Despite Western Australia being so far away from the rest of civilisation, they are not immune from classic government IT project disasters. An interim report commissioned by the WA state government into a series of WA health IT project disasters has said that "WA's health IT investments have shown an "inability" to deliver what has been required", due to systemic issues that have "swallowed up large amounts of money for little benefit, creating a "culture of distrust" in the management of IT". Two projects highlighted in the report are a centralised computing contract with Fujitsu in 2016 that had an $81m blowout (imagine how that could have been spent on patients instead) and the IT fit-out of the Fiona Stanley Hospital in 2015 that was so bad, the hospital was late to open. Good luck to these clowns implementing mandatory electronic health records.
Lawyers at US tech companies are laughing all the way to the bank today, as some new laws that seriously impact how any American business on the internet handle data. US Congress passed a bill that's designed to make website operators stop turning a blind eye to sex trafficking on their platforms, by making them responsible for the actions of their users. At the Supreme Court, Microsoft is taking one for the team by arguing that they should not be forced by the US government to hand over emails kept on a server outside the USA. The government, obviously, wants this power. The Supreme Court reckons it should be up to congress to legislate this if that's what they want. A final decision on this long running matter will be released in a few months.
Nokia and Vodafone are going to install a 4G network on the moon. What? Why? How? Huh? A company called PTScientists is working with Audi to do the first privately funded moon landing in 2019 and Audi is giving them two little lunar "quattro" rovers to investigate NASA's Apollo 17 lunar rover. Vodafone is involved as it wants to operate a 4G network between the two rovers to transmit "scientific data" and Vodafone asked Nokia to build the hardware that'll create the moon network. It's all obviously a stunt, but still, pretty cool. One small step for man, one, giant leap for public relations.
You've probably seen those Ring doorbells around - the fancy ones with a camera on it that send a push notification and live video to your smartphone when someone presses it. Yeah they're owned by Amazon now. Amazon hasn't said how much they spent to acquire Ring, but Reuters reckons its around US$1b. The aim, you assume for Amazon, is to use the Ring to merge in with what they have planned for that Cloud Cam thing which allows couriers to open your front door and leave parcels inside. Alexa is already supported on the Ring, so yeah, Amazon spent $1b on a door bell company.
Heads up electric car fans, Hyundai has dropped news of a world wide release of a battery powered version of the Kona. For those of you not into cars, the Kona is a small SUV style thing that'll do 300km/470km of range off a single charge depending which model you get. It looks alright and shouldn't be too expensive either. The best bit is that it might actually come out in Australia, with Hyundai AU saying they plan to bring it here in late-2018, for sub-$50k. So the race is on, Nissan LEAF, or the Hyundai Kona? *whispers in background* Model 3, Model 3.. Model 3.. *whispers* Did you hear that? Anyway, if you're into EVs, I write often on Drive Zero about this stuff, you should read it.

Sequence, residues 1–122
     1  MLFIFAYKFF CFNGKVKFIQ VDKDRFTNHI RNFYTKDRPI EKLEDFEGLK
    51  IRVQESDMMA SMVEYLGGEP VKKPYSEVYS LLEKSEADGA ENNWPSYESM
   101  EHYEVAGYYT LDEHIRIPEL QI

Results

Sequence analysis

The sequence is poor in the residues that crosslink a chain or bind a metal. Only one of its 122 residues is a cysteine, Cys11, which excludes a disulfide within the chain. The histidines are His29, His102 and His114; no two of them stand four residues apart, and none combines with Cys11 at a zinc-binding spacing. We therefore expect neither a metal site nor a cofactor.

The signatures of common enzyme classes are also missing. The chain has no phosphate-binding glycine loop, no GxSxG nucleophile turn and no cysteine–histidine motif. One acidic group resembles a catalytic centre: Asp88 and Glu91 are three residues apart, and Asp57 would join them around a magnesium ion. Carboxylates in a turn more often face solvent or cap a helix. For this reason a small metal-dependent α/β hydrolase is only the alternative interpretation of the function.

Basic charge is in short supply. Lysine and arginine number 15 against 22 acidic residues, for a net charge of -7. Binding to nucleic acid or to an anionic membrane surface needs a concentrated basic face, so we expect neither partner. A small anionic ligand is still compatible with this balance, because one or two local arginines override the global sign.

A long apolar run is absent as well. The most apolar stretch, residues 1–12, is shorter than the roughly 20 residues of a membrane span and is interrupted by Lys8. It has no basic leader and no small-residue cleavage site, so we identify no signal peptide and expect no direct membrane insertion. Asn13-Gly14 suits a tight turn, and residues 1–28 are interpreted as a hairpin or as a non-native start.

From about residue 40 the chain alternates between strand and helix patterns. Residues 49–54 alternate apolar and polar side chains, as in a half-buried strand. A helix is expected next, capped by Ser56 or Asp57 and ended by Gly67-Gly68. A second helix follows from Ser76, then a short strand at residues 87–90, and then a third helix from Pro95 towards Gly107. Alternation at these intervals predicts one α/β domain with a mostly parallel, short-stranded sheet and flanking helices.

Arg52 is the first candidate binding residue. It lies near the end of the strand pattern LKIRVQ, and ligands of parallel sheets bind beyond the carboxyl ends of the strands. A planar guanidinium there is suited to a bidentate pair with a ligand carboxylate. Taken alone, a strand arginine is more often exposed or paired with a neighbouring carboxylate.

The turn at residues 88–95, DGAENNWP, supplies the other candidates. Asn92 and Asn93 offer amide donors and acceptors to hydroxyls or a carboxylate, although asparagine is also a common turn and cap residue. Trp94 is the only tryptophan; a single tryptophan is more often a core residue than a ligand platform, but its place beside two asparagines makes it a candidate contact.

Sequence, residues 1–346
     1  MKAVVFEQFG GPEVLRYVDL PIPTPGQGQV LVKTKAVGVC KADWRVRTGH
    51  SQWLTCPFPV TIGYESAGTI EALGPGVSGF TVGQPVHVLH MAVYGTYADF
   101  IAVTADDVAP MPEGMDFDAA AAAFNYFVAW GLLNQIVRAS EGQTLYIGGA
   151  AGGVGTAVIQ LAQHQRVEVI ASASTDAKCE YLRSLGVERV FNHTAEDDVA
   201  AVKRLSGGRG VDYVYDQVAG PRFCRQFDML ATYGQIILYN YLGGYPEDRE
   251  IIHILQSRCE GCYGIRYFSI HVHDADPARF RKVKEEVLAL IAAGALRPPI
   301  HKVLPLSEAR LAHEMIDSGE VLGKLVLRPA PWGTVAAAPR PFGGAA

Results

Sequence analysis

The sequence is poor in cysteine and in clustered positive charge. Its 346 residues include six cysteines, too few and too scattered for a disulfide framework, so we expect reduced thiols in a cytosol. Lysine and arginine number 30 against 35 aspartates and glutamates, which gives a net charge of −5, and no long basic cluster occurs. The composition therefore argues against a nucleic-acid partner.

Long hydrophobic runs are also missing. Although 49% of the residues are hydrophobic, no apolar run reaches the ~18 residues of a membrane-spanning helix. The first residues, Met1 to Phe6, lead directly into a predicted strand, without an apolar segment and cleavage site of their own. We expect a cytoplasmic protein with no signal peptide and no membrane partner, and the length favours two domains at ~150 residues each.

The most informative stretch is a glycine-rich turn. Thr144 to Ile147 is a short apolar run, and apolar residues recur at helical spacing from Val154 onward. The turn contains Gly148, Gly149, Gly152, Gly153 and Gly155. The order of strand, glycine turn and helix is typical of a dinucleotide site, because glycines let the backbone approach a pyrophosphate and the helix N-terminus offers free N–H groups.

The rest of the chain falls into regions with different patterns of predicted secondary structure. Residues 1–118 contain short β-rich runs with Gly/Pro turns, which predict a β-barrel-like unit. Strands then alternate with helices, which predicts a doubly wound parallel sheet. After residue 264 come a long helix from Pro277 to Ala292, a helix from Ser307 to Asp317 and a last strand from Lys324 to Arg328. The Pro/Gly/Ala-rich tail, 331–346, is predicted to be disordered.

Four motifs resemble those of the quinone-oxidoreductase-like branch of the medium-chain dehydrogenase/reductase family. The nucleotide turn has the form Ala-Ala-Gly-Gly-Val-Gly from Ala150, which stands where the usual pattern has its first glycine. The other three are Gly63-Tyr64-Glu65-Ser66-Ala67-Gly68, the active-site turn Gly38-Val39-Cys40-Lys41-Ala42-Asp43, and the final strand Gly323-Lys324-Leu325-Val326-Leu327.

Arty types have a new piece of tech to lust over - the Wacom Cintiq Pro 24. It's a 24" tablet that plugs into a Mac or PC and appears as a second display you can draw on. This new one has a 4K UHD, IPS display with 98% Adobe RGB colour accuracy and 10-bit colour. Wacom also claim it has "close to zero latency" and support for 8,192 levels of sensitivity. That's cool and all, but Wacom have taken the Cintiq to a new level with little computer you can plug in to the new Cintiq Pro that makes it a standalone unit. The Cintiq Pro Engine is a full blown computer with an "Intel processor, up to 32GB of RAM, NVIDIA graphics, and an SSD" that slides in to the back of the display. It's not cheap, with the display going for US$2,500 and the base model Engine module an extra US$2,500, but it's cool as hell. A 32" version is coming later this year.
Sandisk (aka Western Digital) has been busy at MWC, showing off two new achievements in the SD card market. First, there's a 400GB micro SD card with support for A2 speeds. 400GB of data stored on a piece of plastic and sand the size of a thumbnail that'll read and write at 100MB/sec. What a time to be alive, etc, etc. Also interesting, was a technical demo of an SD card that runs on the PCIe bus. Yep, an SD card with a PCIe 3.0 x1 interface that's also backwards compatible with the UHS-II/III spec. Wild. Absolutely wild. I'm surprised they can get data on or off that card fast enough considering there's only a single flash memory chip on it, compared to dozens on a typical PCIe SSD.
Uber and Lyft are making congestion worse, not better. Wow, what a surprise. These taxi companies disguising themselves as tech companies claim to cities that they should be allowed to operate because they fill in the last mile of public transport systems - i.e: getting to a bus, train or tram because it's too far to walk to a stop. But according to a study of Uber users on Boston, hardly anyone uses it like that. They're using Uber to go door to door, which adds more cars to the road, increasing congestion. 49% to 61% of people that responded said they'd not have bothered to make the trip, or gone via other non-car options, if Uber didn't exist. Thanks silicon valley tech bros, thanks a lot.
That's it, see ya tomorrow!